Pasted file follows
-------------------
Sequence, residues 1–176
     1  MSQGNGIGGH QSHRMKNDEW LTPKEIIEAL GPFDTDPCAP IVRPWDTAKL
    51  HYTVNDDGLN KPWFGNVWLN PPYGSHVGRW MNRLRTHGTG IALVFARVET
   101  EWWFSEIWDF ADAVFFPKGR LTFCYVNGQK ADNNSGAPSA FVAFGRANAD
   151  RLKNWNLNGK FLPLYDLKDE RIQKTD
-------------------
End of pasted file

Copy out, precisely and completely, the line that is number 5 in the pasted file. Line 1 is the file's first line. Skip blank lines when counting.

   151  RLKNWNLNGK FLPLYDLKDE RIQKTD